By Amanda Taylor, NEWS 9
As gas prices continue to climb, many are cutting back on the time they spend on the road, as well as in the air. Airline carriers have felt the pinch on their pocketbooks and are grounding flights already scheduled.
When Shawn Miller heard that his brother was getting married, he immediately booked a flight.
Not only was he hoping for a low fare for booking so early, but the departure time was critical in his scheduling.
"We wanted to work through the day and leave for the airport and get on a flight later on that evening, but not too late because we have four kids," Miller said.
Miller found what he thought was the perfect itinerary and booked his seats. Before his flight was set to leave, the airline cancelled both legs of his trip and automatically reassigned new flights and times.
"I was surprised that airline could do this after we paid," Miller said.
The airline industry said a carrier can change your itinerary at any point.
"Carriers do adjust their schedules and they adjust them based upon operational needs as well as market conditions," said David Castelveter of the Air Transport Association.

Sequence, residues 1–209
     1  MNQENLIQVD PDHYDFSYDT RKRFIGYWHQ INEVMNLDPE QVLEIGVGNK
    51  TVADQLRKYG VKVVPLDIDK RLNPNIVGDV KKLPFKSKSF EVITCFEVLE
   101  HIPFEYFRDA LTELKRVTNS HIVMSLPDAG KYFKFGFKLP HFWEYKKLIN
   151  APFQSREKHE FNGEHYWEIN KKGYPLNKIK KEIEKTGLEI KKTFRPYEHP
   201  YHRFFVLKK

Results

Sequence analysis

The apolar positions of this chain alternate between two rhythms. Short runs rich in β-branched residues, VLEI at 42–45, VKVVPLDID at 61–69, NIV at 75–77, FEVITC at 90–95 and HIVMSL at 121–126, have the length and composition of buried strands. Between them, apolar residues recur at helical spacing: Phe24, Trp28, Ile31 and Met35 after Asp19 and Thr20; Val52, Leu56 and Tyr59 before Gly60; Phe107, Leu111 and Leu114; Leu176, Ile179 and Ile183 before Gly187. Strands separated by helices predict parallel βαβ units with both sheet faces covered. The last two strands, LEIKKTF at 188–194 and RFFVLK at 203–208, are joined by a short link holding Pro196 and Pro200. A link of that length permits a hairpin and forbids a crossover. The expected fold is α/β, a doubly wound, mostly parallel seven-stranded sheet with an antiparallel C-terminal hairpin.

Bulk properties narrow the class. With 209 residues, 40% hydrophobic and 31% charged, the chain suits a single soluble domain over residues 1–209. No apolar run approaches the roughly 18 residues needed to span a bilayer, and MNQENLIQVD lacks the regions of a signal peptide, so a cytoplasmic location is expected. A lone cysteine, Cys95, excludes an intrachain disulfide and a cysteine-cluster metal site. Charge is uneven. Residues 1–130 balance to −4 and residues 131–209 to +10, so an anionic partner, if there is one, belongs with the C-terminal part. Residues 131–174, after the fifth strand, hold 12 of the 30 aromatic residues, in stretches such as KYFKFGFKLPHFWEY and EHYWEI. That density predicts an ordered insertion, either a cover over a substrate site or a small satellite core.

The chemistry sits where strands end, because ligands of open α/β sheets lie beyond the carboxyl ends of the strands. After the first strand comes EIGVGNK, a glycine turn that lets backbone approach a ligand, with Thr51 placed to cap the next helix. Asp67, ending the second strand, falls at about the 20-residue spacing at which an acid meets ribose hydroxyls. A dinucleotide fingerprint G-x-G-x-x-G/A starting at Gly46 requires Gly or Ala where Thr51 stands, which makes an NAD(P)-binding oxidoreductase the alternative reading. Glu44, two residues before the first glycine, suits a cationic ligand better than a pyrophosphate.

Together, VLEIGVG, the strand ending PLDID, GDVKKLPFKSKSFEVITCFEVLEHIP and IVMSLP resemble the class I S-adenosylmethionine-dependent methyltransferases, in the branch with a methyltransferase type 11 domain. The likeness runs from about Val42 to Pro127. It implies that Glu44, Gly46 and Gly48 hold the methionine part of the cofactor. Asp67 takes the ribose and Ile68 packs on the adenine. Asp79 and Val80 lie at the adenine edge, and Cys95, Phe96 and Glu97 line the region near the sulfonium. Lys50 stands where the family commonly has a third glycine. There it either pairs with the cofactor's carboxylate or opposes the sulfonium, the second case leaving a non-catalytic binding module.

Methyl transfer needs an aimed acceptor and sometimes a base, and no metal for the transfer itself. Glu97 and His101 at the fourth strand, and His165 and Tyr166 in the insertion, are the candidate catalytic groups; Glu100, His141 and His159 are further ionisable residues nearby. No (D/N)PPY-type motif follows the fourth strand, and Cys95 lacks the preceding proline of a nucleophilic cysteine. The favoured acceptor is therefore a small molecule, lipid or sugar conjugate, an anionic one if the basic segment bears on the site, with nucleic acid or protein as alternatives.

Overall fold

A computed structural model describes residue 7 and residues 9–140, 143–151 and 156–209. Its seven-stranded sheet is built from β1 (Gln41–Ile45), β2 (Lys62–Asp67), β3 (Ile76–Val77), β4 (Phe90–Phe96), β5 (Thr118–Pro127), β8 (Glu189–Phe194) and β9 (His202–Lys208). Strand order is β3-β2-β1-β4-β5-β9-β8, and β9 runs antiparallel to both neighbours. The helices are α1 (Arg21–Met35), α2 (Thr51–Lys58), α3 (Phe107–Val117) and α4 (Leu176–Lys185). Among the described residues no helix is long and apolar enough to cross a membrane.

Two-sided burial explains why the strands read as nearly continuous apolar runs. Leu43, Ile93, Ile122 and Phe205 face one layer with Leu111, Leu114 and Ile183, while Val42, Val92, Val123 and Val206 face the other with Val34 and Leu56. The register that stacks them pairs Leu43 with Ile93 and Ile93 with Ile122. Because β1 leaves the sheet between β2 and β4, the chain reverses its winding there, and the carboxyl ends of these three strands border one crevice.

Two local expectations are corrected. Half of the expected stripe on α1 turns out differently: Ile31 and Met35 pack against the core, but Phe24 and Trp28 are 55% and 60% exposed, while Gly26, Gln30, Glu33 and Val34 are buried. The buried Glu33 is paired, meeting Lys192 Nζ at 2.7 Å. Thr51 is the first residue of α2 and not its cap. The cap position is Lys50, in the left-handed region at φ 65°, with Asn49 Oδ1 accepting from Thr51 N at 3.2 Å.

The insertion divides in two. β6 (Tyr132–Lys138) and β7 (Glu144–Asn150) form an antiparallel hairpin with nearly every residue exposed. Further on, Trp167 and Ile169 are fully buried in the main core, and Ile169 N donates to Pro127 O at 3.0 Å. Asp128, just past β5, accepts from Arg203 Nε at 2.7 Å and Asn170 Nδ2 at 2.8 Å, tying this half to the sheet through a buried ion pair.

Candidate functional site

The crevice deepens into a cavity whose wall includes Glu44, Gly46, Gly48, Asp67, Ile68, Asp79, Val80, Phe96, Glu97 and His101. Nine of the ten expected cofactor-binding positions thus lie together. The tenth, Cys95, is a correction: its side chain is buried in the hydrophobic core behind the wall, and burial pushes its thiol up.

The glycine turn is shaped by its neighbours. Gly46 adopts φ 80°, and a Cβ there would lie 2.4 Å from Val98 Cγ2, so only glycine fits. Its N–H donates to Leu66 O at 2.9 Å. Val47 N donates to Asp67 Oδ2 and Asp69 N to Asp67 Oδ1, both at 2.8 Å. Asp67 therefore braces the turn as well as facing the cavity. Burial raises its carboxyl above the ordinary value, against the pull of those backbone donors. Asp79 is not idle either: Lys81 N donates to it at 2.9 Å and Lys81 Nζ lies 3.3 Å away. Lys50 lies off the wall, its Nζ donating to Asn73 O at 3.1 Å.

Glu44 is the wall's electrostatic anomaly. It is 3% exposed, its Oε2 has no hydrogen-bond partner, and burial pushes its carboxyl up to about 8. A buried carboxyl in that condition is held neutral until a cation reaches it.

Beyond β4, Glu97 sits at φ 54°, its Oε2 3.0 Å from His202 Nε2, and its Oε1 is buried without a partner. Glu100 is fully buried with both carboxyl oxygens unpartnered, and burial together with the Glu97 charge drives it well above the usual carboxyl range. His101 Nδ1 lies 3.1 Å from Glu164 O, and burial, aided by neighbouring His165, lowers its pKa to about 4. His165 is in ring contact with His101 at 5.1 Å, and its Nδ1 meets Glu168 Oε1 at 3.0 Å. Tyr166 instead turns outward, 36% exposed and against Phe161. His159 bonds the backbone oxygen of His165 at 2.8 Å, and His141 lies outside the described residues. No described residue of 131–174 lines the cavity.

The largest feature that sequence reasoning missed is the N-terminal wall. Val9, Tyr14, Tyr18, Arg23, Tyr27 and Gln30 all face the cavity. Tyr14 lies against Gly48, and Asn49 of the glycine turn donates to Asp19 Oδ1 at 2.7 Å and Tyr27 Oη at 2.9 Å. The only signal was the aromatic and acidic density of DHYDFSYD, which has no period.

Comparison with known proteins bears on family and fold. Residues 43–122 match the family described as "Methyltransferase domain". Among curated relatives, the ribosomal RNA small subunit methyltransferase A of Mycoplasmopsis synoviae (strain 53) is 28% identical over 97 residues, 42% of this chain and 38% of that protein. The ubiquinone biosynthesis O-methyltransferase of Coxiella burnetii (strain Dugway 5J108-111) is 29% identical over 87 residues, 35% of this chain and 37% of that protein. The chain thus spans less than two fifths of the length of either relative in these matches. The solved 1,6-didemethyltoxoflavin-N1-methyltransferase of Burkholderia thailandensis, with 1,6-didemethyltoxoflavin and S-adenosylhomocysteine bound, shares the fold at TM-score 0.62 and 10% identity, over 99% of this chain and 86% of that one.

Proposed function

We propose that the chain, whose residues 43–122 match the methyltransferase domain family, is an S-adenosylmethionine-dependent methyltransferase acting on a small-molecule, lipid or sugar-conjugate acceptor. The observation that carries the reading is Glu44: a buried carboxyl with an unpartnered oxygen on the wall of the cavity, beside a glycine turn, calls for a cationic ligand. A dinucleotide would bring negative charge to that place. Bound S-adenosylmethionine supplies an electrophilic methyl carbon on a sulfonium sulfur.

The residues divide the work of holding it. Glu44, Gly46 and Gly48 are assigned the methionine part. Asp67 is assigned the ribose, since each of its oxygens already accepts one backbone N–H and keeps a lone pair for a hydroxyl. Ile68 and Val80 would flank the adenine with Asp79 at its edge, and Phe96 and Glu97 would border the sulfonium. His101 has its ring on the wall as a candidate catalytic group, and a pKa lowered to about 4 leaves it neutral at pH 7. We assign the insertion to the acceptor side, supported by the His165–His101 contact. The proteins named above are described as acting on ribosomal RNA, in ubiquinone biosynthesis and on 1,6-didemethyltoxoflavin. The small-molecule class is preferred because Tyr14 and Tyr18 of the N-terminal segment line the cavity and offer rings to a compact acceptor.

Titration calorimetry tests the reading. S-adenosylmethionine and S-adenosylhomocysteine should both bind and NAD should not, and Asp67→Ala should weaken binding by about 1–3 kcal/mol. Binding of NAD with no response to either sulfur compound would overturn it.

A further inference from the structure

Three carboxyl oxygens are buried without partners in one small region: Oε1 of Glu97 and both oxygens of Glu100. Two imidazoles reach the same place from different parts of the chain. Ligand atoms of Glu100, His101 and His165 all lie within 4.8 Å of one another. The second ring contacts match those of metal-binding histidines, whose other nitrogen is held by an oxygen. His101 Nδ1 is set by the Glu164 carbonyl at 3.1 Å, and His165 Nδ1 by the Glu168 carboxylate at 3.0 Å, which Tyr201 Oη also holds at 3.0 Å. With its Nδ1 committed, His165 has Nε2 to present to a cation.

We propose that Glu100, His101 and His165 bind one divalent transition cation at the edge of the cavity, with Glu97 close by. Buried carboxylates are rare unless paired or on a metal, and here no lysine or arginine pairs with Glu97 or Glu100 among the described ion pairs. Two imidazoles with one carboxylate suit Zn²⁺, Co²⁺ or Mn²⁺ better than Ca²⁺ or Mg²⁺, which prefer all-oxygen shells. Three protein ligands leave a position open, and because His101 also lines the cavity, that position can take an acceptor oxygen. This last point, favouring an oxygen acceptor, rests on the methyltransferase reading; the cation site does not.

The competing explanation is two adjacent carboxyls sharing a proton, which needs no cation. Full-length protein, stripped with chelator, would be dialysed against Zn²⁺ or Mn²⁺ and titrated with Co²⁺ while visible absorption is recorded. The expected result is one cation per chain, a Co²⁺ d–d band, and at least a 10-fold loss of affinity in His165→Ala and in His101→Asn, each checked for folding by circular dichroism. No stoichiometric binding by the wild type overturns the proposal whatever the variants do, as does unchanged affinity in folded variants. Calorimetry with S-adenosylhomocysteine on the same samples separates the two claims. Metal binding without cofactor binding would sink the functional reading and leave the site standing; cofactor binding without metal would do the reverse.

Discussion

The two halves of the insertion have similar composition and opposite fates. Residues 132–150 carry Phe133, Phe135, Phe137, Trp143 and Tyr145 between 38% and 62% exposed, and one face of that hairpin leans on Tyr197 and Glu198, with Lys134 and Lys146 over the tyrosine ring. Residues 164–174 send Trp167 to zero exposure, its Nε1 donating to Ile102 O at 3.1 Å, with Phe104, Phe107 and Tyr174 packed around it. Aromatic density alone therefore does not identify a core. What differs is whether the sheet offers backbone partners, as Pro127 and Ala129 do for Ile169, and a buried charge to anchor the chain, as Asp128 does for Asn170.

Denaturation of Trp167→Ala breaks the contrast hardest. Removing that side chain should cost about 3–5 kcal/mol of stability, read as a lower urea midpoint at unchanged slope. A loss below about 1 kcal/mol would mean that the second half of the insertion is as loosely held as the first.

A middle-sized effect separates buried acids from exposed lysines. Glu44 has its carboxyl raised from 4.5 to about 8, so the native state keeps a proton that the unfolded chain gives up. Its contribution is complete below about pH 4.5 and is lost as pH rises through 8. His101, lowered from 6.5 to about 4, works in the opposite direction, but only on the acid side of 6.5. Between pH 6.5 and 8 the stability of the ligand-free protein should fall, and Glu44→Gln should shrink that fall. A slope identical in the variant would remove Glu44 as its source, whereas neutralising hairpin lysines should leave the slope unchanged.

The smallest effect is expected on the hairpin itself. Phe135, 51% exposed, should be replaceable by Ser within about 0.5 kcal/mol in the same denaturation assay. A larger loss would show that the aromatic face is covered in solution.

Big changes continue to happen. The major airlines, reeling from high fuel prices, are announcing significant cutbacks. They reduced the number of planes in their fleets, lowered capacity on certain routes, and even canceled service to some airports.
"In addition to pulling out of cities they serve, they'll be reducing the number of flights on particular routes," Castelveter said.
The ATA said ticket prices are likely to increase and customers should realize there are no guarantees.
"It's really a jungle out there when it comes to knowing if your flight is actually going to go where you want it to go," said George Hobica of AirfareWatchDog.com.
If the airline no longer flies a scheduled route, the customer may be switched from a non-stop to two or more connecting flights to get to the destination.
"If a flight is canceled, you will get a full refund," Hobica said. "Unfortunately, you're going to have to buy a ticket on another airline or drive or find another way to get there."
The airline could also cancel customers' flights and automatically book them on earlier or later departures. If the times don't work with the customers, the carrier will typically work with them.
"If you had a two o'clock flight that now is leaving at five and you were going to miss a cruise, you were going to miss an engagement, absolutely, the airline will work to put you on an earlier flight," Castelveter said.
The Millers were able to readjust their flights to better meet the needs of their schedule.
"Our airline was actually pretty good and rescheduled to time frames that would work for our family," Miller said.
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